Thursday, July 08, 2021

Expedition in full autonomy - World First expedition


This article was first published on the SEF's blog (Society French Explorers)

For several years, the expeditions and exploits of various adventurers and explorers have been highlighted in the media and on social networks. This is a very good thing for the ecosystem, since we need a certain visibility that will eventually allow us to sell a derivative product such as a book, a film or a conference. Obviously, some people receive little or no media coverage and we don't hear about their feat or only in a restricted circle linked to the discipline such as caving.

Since the 1980s, the number of challenging expeditions (with a record objective) has exploded and as in any "sport", there are certain codes to be respected by the community. There is no national or international federation for sports expeditions, but there is a terminology, a vocabulary that is understood by the older generation and that must be known. The danger of not mastering this vocabulary is that a novice will announce an expedition and make a mistake that could cause a lot of friction in the community.

In short, the community regularly discovers a misleading publication about an expedition that makes it more difficult in the eyes of the public than it really is; either deliberately by using a vague word that is open to interpretation, or clumsily. The feat is then embellished by a journalist who is not familiar with the milieu and the reader reads an attractive story that seems daring but is not in comparison with other expeditions.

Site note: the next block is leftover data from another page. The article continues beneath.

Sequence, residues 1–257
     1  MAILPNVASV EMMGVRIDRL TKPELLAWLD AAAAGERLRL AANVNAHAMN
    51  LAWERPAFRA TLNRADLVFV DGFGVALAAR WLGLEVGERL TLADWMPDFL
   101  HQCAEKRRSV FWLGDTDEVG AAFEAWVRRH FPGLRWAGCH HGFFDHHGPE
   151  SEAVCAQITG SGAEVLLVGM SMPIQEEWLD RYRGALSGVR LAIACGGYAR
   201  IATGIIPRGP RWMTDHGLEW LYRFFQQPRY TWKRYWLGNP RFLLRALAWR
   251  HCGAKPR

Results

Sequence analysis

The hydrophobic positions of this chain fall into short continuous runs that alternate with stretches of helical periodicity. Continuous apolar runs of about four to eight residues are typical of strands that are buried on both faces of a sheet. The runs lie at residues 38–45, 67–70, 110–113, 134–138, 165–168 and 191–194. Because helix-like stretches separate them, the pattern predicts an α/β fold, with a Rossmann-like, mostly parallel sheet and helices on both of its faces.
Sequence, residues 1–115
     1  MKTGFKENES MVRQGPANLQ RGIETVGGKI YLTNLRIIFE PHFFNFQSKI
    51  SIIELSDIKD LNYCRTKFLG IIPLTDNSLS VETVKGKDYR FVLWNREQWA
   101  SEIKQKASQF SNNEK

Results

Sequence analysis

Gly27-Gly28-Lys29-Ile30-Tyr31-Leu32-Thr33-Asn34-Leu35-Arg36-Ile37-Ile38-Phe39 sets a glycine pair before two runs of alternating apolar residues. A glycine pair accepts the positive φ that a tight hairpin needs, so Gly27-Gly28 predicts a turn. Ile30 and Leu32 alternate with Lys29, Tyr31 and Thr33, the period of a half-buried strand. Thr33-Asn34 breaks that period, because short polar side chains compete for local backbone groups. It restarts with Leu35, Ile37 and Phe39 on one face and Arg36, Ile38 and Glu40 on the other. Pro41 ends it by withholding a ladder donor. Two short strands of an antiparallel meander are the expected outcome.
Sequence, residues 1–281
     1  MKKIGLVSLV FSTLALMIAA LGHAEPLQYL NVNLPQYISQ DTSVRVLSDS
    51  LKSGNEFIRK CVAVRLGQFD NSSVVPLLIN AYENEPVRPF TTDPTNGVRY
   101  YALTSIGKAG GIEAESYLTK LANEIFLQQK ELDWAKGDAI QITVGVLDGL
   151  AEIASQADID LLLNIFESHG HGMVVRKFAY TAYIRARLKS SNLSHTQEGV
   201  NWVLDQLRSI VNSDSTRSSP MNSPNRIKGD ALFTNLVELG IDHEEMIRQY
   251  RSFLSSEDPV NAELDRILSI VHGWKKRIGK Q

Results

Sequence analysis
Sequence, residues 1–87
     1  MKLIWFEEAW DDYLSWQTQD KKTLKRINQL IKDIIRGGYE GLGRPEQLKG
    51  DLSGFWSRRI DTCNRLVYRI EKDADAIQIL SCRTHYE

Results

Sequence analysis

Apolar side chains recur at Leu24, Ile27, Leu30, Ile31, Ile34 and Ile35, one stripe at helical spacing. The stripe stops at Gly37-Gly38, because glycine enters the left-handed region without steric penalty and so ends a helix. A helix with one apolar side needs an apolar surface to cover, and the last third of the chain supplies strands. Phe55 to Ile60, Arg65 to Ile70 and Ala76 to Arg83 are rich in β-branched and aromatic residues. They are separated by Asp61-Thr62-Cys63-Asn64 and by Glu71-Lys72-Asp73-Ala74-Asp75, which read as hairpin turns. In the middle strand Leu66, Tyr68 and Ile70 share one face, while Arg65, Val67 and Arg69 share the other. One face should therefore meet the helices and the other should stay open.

Sometimes the unspoken facts make it clear that an expedition is being lied about. This is rare but not anecdotal.

The two most recurrent problems concern world firsts and the notion of complete (or total) autonomy. There is some subjectivity when these points are discussed but over time a certain consensus has emerged.


Note: this text is intended to be concise and only partially details the problem that exists when there is a lack of knowledge or precision in the description of expeditions with feats.

World firsts.